Newswise — Three quarters of patients, both adults and children, with a variety of advanced cancers occurring in different sites of the body responded to larotrectinib, a novel therapy that targets a specific genetic mutation. Results of this multisite phase 1/2 trial have been published in the New England Journal of Medicine on February 22, 2018. Unlike most cancer therapies, this oral treatment is based on the genetic traits of the tumor and not the organ where the cancer originated.
An acquired genetic defect, TRK fusions accelerate cancer cell growth. Larotrectinib is highly selective for inhibiting this process. Fifty-five patients, ranging from 4 months to 76 years of age, with 17 unique tumor types, were treated with larotrectinib. Three quarters of patients enrolled responded to therapy and 86% of responding patients remain on study or have undergone curative surgery. No patients discontinued treatment due to drug-related side effects.
Several pediatric patients that enrolled in the study had infantile fibrosarcoma, a type of cancer that harbors a TRK fusion and is difficult to treat since it responds poorly to chemotherapy. Radiation therapy is also not a good option since it has devastating long-term effects for young patients.
“This is truly a magic bullet for our patients with TRK-positive cancer,” said Leo Mascarenhas M.D, M.S, deputy director of the Children’s Center for Cancer and Blood Diseases and director of the Names Family Foundation Early Phase Clinical Trials Program in oncology at Children’s Hospital Los Angeles, who helped design the pediatric part of the study. “In some cases, this cancer can be treated surgically – often requiring amputation or another disfiguring surgical procedure. After treating our patient with infantile fibrosarcoma with larotrectinib, the cancer shrunk sufficiently and we were able to surgically remove the tumor while preserving the patient’s leg.”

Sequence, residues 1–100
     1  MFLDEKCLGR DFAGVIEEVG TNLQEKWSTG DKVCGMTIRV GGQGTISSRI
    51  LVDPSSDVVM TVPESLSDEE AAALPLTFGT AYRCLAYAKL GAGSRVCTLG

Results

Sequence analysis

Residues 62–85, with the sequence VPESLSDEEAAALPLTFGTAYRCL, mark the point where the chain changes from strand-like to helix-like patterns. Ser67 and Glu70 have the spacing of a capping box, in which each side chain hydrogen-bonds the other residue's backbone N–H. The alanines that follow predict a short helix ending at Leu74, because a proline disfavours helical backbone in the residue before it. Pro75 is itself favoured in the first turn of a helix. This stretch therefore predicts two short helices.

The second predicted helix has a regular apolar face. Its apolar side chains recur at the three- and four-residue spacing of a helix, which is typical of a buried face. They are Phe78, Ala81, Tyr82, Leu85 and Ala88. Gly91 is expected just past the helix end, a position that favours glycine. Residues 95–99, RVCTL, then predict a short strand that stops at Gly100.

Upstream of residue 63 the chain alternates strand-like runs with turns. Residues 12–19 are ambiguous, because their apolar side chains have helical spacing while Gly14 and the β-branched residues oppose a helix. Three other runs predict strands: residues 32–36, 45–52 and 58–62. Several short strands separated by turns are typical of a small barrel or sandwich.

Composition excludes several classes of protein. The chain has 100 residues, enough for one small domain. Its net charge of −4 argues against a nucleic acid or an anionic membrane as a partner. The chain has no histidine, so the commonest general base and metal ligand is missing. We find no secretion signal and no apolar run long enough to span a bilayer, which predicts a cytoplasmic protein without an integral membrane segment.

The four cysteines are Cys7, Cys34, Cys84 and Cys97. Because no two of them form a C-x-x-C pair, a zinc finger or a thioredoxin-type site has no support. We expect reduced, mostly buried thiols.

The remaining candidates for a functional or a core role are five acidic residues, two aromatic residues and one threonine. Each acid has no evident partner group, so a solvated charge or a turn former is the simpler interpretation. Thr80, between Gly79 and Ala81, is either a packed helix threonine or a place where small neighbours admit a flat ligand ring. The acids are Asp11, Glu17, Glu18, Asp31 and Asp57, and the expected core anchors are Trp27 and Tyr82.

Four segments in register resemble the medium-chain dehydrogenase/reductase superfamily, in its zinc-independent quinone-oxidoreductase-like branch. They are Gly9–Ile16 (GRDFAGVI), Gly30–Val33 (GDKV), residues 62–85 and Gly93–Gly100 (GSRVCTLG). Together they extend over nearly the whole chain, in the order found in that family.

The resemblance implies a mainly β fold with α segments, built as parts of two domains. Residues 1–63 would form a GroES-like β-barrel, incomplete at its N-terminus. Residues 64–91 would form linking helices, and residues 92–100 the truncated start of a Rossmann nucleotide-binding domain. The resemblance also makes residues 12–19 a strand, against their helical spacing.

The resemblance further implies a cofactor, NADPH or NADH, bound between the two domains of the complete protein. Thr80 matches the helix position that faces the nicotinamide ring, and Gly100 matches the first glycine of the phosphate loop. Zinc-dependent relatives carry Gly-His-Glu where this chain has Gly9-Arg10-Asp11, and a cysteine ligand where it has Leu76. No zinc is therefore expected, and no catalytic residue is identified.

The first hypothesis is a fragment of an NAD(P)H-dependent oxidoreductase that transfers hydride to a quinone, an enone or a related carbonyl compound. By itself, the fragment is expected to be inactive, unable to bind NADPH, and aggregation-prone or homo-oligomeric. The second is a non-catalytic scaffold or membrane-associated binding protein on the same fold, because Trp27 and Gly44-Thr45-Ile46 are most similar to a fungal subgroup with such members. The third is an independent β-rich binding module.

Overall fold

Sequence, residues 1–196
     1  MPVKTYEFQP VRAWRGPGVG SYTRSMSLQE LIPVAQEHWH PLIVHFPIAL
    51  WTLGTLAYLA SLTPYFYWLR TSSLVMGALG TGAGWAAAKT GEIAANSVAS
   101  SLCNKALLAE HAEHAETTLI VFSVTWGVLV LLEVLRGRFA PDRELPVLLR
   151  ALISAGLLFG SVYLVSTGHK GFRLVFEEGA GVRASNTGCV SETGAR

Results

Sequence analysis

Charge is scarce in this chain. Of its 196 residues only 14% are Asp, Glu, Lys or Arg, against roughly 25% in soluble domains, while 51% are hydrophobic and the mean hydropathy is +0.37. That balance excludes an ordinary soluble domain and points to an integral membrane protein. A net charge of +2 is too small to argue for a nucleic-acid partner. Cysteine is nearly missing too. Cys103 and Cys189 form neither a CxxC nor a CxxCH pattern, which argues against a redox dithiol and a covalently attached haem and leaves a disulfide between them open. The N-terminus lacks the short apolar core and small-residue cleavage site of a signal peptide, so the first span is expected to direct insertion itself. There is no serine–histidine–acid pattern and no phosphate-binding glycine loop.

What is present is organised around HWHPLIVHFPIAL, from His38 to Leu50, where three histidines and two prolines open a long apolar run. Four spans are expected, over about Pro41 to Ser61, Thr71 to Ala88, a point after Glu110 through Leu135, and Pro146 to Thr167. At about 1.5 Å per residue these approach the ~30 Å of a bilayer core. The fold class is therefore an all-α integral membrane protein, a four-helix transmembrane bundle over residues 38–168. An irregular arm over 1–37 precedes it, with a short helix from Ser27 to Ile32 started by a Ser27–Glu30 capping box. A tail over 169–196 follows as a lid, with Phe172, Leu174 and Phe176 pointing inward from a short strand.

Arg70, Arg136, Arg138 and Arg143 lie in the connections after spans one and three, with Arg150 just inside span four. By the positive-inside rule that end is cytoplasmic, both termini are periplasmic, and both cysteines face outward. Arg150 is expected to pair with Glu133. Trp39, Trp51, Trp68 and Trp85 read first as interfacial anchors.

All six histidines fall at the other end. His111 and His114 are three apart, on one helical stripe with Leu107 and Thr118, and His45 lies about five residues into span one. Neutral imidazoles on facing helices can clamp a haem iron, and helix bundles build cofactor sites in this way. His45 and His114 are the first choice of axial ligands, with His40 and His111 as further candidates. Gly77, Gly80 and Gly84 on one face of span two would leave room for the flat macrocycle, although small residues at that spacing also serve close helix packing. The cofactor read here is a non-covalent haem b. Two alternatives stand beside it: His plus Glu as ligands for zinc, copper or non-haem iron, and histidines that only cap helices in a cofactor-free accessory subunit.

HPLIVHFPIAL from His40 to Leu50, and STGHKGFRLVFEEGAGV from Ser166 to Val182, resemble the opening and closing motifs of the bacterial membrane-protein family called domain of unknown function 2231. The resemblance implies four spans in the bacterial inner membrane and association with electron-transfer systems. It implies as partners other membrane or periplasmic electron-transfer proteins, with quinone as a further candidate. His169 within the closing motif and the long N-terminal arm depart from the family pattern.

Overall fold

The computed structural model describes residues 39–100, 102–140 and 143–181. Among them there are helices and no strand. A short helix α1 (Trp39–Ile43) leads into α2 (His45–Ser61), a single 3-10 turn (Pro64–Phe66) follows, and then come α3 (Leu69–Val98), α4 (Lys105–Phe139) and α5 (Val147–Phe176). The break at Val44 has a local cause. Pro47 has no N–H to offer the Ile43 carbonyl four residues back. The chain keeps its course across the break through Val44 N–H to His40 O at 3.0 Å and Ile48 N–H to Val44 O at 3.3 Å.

This study is part of a noteworthy drug development program. Typically, testing of new therapies in a pediatric population is done after the drug is licensed for adults, if at all. However, larotrectinib was simultaneously studied in children and adults. A special liquid formulation was developed for administering appropriate doses to very young patients. This early pediatric focus helped to accelerate clinical development by aiding in the rapid accrual of appropriate patients.
The FDA granted larotrectinib breakthrough therapy designation that resulted in an expedited review. Drugs may qualify as breakthrough therapies when preliminary clinical data indicate that the new treatment offers substantial advantages over existing options for serious or life-threatening diseases.
Larotrectinib is produced by Loxo Oncology Inc. who also sponsored this clinical trial.
About Children's Hospital Los Angeles
Children's Hospital Los Angeles has been ranked the top children’s hospital in California and sixth in the nation for clinical excellence with its selection to the prestigious U.S. News & World Report Honor Roll. CHLA is home to The Saban Research Institute, one of the largest and most productive pediatric research facilities in the United States. Children’s Hospital is also one of America's premier teaching hospitals through its affiliation with the Keck School of Medicine of the University of Southern California since 1932. For more information, visit CHLA.org. Follow us on Twitter, Facebook, YouTube, LinkedIn and Instagram, and visit our child health blog (CHLA.org/blog) and our research blog (ResearCHLABlog.org).